# Equations

"Defining Variables" discussed *assignments* such as which *set* x equal to y. Here we discuss *equations*, which *test* equality. The equation *tests* whether x is equal to y.

This

*tests* whether

and

are equal. The result is the symbol

True.

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It is very important that you do not confuse with . While is an *imperative* statement that actually causes an assignment to be done, merely *tests* whether x and y are equal, and causes no explicit action. If you have used the C programming language, you will recognize that the notation for assignment and testing in *Mathematica* is the same as in C.

x=y | assigns x to have value y |

x==y | tests whether x and y are equal |

Assignments and tests.

This

*assigns* to have value

.

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If you ask for

, you now get

.

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This

*tests* whether

is equal to

. In this case, it is.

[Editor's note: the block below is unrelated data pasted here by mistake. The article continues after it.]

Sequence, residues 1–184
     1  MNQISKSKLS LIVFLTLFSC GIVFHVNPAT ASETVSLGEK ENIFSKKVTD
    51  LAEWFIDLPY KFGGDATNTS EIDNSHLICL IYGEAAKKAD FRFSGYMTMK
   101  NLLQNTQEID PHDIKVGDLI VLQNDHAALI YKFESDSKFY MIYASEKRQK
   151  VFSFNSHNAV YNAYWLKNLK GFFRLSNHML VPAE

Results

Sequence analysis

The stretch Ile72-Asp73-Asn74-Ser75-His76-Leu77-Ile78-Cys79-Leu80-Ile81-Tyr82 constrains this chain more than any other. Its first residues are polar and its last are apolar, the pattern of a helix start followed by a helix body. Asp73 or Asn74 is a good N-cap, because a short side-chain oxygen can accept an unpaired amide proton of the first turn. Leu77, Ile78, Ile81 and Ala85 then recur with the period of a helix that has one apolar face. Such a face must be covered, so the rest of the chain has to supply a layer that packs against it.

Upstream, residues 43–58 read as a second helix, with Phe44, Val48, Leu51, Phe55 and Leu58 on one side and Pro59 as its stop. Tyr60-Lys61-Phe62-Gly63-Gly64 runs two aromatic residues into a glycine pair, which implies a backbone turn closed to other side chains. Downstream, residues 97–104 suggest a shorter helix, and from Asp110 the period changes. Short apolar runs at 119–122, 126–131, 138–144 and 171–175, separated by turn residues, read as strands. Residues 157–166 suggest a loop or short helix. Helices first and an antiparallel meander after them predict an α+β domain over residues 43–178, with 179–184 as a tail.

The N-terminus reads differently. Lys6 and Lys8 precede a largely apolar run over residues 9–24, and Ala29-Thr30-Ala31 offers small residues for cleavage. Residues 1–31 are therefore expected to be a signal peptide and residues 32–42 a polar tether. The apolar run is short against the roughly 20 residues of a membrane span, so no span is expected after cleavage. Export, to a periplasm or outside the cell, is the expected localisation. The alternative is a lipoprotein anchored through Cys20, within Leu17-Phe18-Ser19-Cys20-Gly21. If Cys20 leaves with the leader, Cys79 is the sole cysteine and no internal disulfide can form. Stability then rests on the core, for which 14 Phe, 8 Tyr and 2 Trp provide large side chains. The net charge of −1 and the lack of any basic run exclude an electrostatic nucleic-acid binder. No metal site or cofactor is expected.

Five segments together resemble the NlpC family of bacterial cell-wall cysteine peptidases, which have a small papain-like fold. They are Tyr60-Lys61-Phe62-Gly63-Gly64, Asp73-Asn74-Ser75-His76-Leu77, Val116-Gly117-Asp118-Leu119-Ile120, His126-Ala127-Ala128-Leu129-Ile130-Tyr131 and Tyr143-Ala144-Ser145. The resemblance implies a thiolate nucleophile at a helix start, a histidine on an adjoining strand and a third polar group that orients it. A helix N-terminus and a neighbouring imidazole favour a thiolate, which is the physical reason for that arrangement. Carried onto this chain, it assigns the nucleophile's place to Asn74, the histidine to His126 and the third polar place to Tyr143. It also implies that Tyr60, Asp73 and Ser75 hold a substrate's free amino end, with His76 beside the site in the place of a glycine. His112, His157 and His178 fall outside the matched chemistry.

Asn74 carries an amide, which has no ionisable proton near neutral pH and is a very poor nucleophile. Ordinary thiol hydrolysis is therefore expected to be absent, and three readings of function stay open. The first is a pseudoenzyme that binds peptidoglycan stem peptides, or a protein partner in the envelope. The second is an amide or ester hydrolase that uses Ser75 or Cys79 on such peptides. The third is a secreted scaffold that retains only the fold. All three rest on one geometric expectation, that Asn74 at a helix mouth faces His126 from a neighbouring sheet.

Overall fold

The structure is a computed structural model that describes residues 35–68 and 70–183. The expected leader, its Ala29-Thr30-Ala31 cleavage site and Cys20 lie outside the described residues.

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This removes the value assigned to

.

The tests we have used so far involve only numbers, and always give a definite answer, either True or False. You can also do tests on symbolic expressions.

*Mathematica* cannot get a definite result for this test unless you give

a specific numerical value.

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If you replace

by the specific numerical value

, the test gives

False.

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Even when you do tests on symbolic expressions, there are some cases where you can get definite results. An important one is when you test the equality of two expressions that are *identical*. Whatever the numerical values of the variables in these expressions may be, *Mathematica* knows that the expressions must always be equal.

The two expressions are

*identical*, so the result is

True, whatever the value of

may be.

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*Mathematica* does not try to tell whether these expressions are equal. In this case, using

Expand would make them have the same form.

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Expressions like represent *equations* in *Mathematica*. There are many functions in *Mathematica* for manipulating and solving equations.

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You can assign a name to the equation.

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If you ask for

, you now get the equation.

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